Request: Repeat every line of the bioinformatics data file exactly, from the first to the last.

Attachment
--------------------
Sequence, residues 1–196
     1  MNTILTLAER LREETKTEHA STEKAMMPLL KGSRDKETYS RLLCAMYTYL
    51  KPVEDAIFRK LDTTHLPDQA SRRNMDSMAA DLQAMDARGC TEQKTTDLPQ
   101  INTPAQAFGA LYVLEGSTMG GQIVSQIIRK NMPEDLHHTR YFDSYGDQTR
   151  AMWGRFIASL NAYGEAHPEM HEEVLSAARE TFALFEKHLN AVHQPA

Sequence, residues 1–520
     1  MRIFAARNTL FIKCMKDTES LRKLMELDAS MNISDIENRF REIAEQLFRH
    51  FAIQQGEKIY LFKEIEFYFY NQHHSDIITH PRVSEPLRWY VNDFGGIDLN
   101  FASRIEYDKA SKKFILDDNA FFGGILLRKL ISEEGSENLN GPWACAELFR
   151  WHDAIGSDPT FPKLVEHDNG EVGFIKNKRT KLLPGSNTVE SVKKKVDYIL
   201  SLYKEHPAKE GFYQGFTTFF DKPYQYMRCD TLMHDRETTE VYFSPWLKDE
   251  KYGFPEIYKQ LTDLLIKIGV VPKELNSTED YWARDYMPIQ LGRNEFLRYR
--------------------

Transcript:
Sequence, residues 1–196
     1  MNTILTLAER LREETKTEHA STEKAMMPLL KGSRDKETYS RLLCAMYTYL
    51  KPVEDAIFRK LDTTHLPDQA SRRNMDSMAA DLQAMDARGC TEQKTTDLPQ
   101  INTPAQAFGA LYVLEGSTMG GQIVSQIIRK NMPEDLHHTR YFDSYGDQTR
   151  AMWGRFIASL NAYGEAHPEM HEEVLSAARE TFALFEKHLN AVHQPA

Sequence, residues 1–520
     1  MRIFAARNTL FIKCMKDTES LRKLMELDAS MNISDIENRF REIAEQLFRH
    51  FAIQQGEKIY LFKEIEFYFY NQHHSDIITH PRVSEPLRWY VNDFGGIDLN
   101  FASRIEYDKA SKKFILDDNA FFGGILLRKL ISEEGSENLN GPWACAELFR
   151  WHDAIGSDPT FPKLVEHDNG EVGFIKNKRT KLLPGSNTVE SVKKKVDYIL
   201  SLYKEHPAKE GFYQGFTTFF DKPYQYMRCD TLMHDRETTE VYFSPWLKDE
   251  KYGFPEIYKQ LTDLLIKIGV VPKELNSTED YWARDYMPIQ LGRNEFLRYR